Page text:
The numbat, one of Australia’s most unique marsupials and a species rarer than the giant panda, has been reintroduced to a NSW national park for the first time.
NSW Environment Minister Matt Kean said the release of this incredibly rare marsupial into Mallee Cliffs National Park is part of a bold plan to save the species.
“Numbats had almost completely disappeared from NSW by the end of the 19th century and today the only remnant population not protected by predator proof fences are in south-west Western Australia,” Mr Kean said.
“With this release we hope this will be a turning point in the right direction for this rare Australian native, and an important step to restoring biodiversity in our national parks.”
With an estimated population of just 800 animals remaining, numbats are rarer than black rhinos or giant pandas, at one point their distribution stretched from south-western NSW to south-west Western Australia.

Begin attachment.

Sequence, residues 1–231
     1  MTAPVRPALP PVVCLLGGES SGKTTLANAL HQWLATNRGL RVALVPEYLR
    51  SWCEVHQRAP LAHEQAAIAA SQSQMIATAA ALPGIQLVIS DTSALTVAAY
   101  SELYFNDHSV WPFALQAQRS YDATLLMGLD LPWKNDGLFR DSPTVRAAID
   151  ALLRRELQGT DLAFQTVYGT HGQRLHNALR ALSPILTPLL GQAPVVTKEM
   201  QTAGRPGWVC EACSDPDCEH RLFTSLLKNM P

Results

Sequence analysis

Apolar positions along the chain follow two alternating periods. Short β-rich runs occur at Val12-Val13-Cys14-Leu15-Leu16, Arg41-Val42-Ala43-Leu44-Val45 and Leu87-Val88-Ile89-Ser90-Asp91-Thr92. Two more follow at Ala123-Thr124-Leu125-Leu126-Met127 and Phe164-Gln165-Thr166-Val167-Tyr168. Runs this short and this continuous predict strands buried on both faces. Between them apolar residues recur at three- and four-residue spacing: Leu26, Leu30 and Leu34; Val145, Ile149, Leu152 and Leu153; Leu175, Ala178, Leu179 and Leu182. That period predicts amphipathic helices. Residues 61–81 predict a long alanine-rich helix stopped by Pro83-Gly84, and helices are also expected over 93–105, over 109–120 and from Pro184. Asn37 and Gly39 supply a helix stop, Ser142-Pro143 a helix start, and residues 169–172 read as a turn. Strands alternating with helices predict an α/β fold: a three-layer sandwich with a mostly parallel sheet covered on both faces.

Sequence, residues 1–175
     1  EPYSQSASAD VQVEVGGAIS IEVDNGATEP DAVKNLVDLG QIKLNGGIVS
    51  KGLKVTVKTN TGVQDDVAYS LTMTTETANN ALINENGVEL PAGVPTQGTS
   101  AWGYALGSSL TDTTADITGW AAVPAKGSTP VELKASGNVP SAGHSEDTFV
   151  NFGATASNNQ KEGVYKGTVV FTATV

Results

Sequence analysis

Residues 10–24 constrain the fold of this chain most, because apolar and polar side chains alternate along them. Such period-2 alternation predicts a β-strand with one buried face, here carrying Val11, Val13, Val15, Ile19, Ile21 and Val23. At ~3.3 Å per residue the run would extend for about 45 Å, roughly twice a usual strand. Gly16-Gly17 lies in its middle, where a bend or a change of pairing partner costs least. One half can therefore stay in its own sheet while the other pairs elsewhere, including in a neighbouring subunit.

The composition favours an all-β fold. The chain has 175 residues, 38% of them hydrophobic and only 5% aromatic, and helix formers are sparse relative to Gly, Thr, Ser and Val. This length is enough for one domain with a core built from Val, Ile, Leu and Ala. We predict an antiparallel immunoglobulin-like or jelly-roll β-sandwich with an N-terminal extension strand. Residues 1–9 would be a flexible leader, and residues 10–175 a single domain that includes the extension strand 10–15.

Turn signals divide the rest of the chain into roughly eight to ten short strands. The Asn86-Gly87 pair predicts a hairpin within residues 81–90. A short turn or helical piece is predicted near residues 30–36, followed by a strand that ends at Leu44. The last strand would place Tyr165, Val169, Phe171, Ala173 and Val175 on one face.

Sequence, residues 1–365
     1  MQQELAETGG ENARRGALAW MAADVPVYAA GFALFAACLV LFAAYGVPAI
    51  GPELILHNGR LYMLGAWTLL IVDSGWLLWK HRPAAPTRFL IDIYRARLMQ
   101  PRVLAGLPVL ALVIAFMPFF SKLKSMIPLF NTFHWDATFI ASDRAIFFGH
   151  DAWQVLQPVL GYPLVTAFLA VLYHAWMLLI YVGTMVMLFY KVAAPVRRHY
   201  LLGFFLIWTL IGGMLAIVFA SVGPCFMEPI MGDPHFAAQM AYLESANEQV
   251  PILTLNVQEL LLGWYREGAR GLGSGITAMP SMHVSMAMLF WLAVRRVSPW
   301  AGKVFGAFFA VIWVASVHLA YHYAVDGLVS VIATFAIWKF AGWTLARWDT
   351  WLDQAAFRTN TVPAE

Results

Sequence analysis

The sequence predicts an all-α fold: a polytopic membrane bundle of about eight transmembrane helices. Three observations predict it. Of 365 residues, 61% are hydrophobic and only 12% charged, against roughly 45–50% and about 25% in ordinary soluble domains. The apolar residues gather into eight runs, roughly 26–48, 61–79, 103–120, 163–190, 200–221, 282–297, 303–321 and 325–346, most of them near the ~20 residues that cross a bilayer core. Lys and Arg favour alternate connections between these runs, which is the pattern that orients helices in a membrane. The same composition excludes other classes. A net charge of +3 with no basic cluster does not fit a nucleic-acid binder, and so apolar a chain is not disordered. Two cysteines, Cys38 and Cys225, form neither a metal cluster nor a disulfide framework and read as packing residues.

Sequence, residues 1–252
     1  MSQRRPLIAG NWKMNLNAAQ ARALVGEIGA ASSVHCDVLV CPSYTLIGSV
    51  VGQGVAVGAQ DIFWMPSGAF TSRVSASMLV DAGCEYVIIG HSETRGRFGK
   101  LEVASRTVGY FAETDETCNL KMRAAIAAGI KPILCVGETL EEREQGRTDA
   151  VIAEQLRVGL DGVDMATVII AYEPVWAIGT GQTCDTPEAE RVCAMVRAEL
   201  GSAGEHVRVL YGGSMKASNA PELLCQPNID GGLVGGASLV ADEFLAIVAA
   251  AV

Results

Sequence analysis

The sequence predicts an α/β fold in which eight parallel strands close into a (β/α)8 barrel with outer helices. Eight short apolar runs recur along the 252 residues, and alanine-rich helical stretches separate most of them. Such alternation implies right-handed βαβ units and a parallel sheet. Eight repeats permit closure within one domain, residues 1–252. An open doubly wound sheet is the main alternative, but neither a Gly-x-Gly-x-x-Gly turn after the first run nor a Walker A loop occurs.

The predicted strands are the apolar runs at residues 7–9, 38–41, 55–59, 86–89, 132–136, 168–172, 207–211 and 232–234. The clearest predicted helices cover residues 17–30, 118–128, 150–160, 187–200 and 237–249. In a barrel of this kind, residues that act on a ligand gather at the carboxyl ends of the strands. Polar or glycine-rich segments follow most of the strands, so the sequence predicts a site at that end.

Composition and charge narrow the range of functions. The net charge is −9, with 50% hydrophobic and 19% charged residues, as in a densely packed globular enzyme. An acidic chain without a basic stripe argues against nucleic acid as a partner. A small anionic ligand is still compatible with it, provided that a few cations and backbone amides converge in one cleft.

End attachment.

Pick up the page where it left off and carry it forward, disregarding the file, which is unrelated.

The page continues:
NPWS Deputy Secretary Atticus Fleming said the numbat had suffered a catastrophic decline, driven to the brink of extinction by foxes and feral cats.
“It is only by constructing large feral predator-free areas, using specially designed conservation fences, that species such as numbats can be returned to our parks,” Mr Fleming said.
It is expected, with further reintroductions, this population is expected to grow to 270 and re-colonise the landscape, increasing the global populations by over 30%.
The release of numbats into Mallee Cliffs National Park follows the successful reintroduction of bilbies and greater stick nest rats, with further species to be introduced to return the landscape to resemble what it was like before the arrival of feral animals.